‘Ali is a brilliant actor’

Abhishek Sharma’s first feature film, Tere Bin Laden, has been one of the most talked about ventures of the summer.

Maha Amin June 30, 2010

Abhishek Sharma’s first feature film, Tere Bin Laden, has been one of the most talked about ventures of the summer. Featuring Pakistani musician Ali Zafar in the lead and with a hilarious plot involving a fake Osama Bin Laden, the film has garnered buzz worldwide. He talked to The Express Tribune about his film and misconceptions associated with it.

How did you pick Ali Zafar for the role of Ali Hassan?

When I wrote the script I wasn’t thinking of a particular actor. But once I had written it I realised that I needed three things from the actor who would play the role. He had to be a good actor with a comedic edge, good looking and be able to play the role of a Pakistani journalist. Ali Zafar had all three so he fit the role perfectly.

Zafar’s acting career has been limited; did this make it challenging for you to direct him?

Not at all. He is a brilliant actor and a lot of people don’t know that he started out his career as an actor and did some television work such as “Kaanch Ke Par” and “Kollege Jeans”. I saw the spark in him in his music videos and did some research. He was fantastic in Tere Bin Laden (TBL) and I think he was just waiting for the right role. I am very honoured that he has chosen to make his debut into film acting with my movie.

Is there any truth to rumours you have been receiving threats?

(Laughs) Well I have received some blank calls but the only tangible threat so far was a handwritten letter from an anonymous source. I haven’t been taking this stuff seriously because I have made a funny movie and we are all comedians. We do not want controversy but sometimes people just hear the name Osama Bin Laden and assume a film will be made in a particular way. I hope that they will watch it and realise that it was not meant to spark controversy.

How did you find the actor who plays the fake Osama Bin Laden?

This was a long and tiring process as we needed a look alike who could act. We held auditions for actors and non-actors and made tapes but couldn’t find anyone to fit the part. Then I suddenly remembered an actor called Pardhuman Singh who had worked with me in Delhi and gave him a call. He flew into Mumbai to see if our make-up artist could make him look like Osama Bin Laden and he could, so we had our man.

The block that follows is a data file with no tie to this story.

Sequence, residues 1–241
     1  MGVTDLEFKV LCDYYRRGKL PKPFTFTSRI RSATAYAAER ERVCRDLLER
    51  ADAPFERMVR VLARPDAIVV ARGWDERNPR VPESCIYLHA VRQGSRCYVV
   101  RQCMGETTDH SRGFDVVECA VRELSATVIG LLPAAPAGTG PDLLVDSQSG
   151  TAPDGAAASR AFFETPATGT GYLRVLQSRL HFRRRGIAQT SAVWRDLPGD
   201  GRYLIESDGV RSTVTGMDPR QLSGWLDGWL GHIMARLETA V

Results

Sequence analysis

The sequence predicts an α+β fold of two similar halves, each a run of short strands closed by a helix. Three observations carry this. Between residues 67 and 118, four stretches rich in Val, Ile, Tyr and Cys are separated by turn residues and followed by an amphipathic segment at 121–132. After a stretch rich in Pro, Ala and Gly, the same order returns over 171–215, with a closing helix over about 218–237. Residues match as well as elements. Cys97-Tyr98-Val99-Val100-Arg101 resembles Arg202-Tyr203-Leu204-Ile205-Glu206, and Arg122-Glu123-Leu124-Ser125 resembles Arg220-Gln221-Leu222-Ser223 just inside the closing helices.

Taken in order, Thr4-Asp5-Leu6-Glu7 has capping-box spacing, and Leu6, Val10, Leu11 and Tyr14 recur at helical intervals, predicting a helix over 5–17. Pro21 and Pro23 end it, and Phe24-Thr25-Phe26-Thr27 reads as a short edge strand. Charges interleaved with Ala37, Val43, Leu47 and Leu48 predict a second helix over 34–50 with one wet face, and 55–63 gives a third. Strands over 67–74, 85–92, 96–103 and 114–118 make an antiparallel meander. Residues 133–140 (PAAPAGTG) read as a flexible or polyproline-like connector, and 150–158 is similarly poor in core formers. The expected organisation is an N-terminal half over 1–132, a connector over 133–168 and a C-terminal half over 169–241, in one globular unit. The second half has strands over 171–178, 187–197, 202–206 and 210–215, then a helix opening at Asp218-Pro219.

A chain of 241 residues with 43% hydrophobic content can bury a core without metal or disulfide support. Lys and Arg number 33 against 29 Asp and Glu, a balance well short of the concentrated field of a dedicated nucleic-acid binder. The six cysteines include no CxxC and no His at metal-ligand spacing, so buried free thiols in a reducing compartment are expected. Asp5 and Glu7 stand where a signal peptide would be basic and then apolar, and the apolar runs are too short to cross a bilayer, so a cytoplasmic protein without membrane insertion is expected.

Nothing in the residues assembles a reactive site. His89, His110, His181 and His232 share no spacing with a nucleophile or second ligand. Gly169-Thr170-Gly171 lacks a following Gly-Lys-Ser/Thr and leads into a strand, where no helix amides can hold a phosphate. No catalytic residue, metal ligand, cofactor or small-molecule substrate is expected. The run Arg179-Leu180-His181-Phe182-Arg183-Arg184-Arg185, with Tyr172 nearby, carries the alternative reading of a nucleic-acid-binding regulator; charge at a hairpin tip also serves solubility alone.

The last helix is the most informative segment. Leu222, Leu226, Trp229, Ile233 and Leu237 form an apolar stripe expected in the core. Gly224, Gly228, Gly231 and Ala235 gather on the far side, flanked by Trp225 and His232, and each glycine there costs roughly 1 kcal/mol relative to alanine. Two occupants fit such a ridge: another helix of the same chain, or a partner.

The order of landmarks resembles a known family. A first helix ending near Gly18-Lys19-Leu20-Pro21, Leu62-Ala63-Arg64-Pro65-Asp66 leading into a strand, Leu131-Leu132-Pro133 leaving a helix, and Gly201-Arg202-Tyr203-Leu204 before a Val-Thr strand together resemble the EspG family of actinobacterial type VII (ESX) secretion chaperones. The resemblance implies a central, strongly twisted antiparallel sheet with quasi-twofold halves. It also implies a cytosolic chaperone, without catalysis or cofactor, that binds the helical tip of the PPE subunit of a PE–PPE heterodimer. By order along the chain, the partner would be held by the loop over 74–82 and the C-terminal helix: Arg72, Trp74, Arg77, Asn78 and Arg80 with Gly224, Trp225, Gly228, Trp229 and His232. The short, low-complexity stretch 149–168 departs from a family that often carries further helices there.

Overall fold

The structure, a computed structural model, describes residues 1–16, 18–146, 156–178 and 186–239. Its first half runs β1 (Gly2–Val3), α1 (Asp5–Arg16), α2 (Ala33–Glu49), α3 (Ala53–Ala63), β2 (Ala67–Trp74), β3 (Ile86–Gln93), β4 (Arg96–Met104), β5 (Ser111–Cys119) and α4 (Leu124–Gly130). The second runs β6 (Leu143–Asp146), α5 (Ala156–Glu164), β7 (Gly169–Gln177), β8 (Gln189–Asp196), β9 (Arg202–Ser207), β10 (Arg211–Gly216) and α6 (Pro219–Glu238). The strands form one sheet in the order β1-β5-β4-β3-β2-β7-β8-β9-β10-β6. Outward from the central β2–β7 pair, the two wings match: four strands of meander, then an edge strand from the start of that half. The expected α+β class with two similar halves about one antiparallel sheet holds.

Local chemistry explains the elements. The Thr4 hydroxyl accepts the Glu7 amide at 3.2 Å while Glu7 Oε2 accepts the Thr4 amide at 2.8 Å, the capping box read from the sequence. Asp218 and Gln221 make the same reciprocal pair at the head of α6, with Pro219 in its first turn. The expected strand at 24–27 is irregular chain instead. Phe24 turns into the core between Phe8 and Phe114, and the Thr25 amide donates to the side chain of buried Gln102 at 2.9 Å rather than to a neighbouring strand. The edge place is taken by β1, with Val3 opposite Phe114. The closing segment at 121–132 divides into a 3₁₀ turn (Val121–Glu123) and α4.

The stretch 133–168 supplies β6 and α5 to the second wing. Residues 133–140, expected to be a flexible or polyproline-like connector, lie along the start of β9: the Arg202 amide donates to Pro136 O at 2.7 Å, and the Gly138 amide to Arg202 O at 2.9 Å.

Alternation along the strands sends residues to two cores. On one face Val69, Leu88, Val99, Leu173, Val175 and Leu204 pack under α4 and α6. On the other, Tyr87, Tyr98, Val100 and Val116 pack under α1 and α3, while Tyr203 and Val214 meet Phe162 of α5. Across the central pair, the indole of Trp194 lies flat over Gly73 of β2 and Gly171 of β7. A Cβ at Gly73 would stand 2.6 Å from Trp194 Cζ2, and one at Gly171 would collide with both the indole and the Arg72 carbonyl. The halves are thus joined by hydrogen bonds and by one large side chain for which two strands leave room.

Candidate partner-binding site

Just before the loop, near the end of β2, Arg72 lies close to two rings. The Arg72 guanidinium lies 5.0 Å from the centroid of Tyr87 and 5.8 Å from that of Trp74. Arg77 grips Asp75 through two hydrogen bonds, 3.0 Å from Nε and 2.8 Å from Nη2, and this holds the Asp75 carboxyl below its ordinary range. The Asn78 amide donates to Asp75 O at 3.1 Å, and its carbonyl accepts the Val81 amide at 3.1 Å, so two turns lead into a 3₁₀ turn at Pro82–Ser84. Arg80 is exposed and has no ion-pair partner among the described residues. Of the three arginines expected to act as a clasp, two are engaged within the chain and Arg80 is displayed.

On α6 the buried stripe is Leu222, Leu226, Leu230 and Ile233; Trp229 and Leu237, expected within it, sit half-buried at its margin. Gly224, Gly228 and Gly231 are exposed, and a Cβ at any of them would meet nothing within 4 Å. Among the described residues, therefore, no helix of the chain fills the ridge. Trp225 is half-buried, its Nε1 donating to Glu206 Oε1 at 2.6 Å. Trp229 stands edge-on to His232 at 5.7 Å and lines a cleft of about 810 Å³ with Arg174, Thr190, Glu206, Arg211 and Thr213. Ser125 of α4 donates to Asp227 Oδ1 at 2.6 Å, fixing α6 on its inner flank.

There has been an increase in films and TV shows attempting to make light of terrorism; such as the British film Four Lions as well as stand-up comedy like “Achmed the Dead Terrorist”. Does TBL fall into this category?

Tere Bin Laden is not making fun of terrorism; it is making fun of the post-9/11 world where words like Islamophobia and ‘war on terror’ have been introduced. We are showing it from the point of view of the ‘common man’ - Ali Hassan - who is trapped between the modern west which refuses to give him a visa and the fanatic east. The majority of us do not have anything to do with this war but we have to deal with it.

How was the process of recreating Karachi in Mumbai?

This was a long and tiring process. I visited Karachi in 2008 and saw what had to be recreated in Mumbai and Hyderabad. During the editing phase certain scenes were shot in Karachi that were needed to give the film an authentic touch and then incorporated into the movie so that the audience will not know when they are seeing the actual Karachi and the fake one, which we built.

We also called in a writer from Pakistan, Syed Muhammad sahib, for the dialogue. I wrote the script in English and Hindi and he was called in to change it to Urdu and make it sound genuine by incorporating the Karachi way of speaking and certain words that are used there.

What kind of audience are you targeting for the film?

This is a very marketing oriented question and although I have been asked the same question a number of times, I am not sure how to answer it. I have made a film for the whole world and want everyone to see it. It is on a universal subject and there is no one particular group that I have made it for.

Published in The Express Tribune, July 1st, 2010.


farhan | 11 years ago | Reply I agree with those who criticise tanzeel. Even before the release of movie why are you wasting your time criticising Ali? And, those who suggesting him making a film in Pakistan. Please first watch movie and then suggest anything. Anyone, like Ali, is free to take on any challenge, so what if it INDIA?
Zeeshaan Ahmed | 11 years ago | Reply Before i read reader comments about this person "Ali Zafer". I so up set and wated so say something, but after i read the comments here i have nothing more to say. A so called artist who has no credible previous performence on his resume. I just want to understand why people like him agree to do this type of absurd movie in India. Why can't he work in some movie in Pakistan? Pakistan film industry is not worth doing any good work?
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